Tesla Takes Fight on Sales Ban to Home Turf of Detroit Threeby
Executive cites frustration with Michigan in Detroit speech
Electric-car maker filed federal lawsuit to allow direct sales
Tesla Motors Inc., which last week sued the State of Michigan for the right to sell cars without using franchised dealers, said it will keep battling in court to open company-owned stores in any state that bans the practice.
Tesla will continue to pursue applications in states such as Virginia to sell vehicles however it sees fit, Diarmuid O’Connell, the electric-car maker’s vice president of business development, said after a speech at a mobility conference held outside Detroit. In a federal lawsuit, Tesla said it was stymied in Michigan because of the sway traditional automakers and dealers hold over the state’s legislature.
“We filed the federal suit out of frustration that we couldn’t get a hearing in the state,” O’Connell said during his speech. “The governor said he would help us. That turned out to be a wonderful and empty gesture.”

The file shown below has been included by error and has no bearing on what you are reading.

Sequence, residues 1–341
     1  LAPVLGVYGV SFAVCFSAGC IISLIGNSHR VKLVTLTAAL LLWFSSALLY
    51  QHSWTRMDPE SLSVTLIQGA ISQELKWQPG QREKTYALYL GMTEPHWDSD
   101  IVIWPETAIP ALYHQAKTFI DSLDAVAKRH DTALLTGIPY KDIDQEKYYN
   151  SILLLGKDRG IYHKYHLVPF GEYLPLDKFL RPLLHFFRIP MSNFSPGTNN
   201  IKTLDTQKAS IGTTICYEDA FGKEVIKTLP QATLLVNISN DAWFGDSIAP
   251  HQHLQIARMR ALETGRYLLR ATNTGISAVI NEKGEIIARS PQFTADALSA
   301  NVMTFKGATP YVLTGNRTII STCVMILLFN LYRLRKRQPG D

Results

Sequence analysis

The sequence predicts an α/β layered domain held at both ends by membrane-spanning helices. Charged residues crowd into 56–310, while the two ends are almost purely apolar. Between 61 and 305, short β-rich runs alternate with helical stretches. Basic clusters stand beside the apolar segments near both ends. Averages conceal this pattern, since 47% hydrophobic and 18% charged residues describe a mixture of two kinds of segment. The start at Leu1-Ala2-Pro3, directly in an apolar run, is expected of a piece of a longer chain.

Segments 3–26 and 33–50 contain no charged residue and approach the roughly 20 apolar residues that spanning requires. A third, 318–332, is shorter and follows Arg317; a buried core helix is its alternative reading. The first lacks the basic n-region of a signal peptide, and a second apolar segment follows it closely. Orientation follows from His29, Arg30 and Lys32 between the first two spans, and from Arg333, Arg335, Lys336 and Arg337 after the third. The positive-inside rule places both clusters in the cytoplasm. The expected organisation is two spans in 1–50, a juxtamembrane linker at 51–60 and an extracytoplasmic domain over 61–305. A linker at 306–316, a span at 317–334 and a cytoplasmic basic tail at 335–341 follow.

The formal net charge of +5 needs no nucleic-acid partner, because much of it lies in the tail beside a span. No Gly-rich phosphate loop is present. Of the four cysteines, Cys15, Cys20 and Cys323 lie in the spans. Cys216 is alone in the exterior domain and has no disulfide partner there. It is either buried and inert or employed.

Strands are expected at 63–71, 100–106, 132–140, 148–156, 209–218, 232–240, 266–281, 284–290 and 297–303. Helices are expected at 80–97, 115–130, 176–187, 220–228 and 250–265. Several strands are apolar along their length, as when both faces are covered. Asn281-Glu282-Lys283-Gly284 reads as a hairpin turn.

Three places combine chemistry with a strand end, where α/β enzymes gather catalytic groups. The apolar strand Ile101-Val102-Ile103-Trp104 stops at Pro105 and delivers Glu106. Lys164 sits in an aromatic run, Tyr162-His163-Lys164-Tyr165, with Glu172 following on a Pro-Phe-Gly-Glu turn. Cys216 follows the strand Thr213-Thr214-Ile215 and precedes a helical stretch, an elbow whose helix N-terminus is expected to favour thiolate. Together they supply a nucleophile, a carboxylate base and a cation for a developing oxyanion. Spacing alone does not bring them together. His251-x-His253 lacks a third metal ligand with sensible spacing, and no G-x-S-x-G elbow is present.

Michigan is home to the headquarters of General Motors Co., Ford Motor Co. and major operations for Fiat Chrysler Automobiles NV. GM has played a role in fighting Tesla in states like Virginia and Indiana to stop it from selling cars without opening franchised dealerships. Prohibitions against Tesla’s company-owned retail stores are happening because dealers have strong lobby efforts in state capitols around the country, O’Connell said.
Michigan Governor Rick Snyder “remains open-minded and willing to work with Tesla on this issue while upholding state law,” Josh Paciorek, his deputy press secretary, said in an e-mailed statement.
Tesla filed two applications in Michigan, one to sell and one to repair its cars, in November 2015, according to the lawsuit filed in Grand Rapids. After nine months of discussions with state officials, the Michigan Department of State scheduled a hearing indicating an intent to deny the dealer license, the lawsuit states. An administrative officer sustained the denial on Sept. 12, “in effect ruling that a vehicle manufacturer cannot sell new vehicles directly to consumers,” the suit said.
States like Michigan that fight its retail strategy will go to the back of the line for factory locations as sales grow, O’Connell said after the speech.
“We need to expand our manufacturing footprint,” O’Connell said. “A state that doesn’t allow us to engage in our core business of selling and servicing cars is a poor candidate.”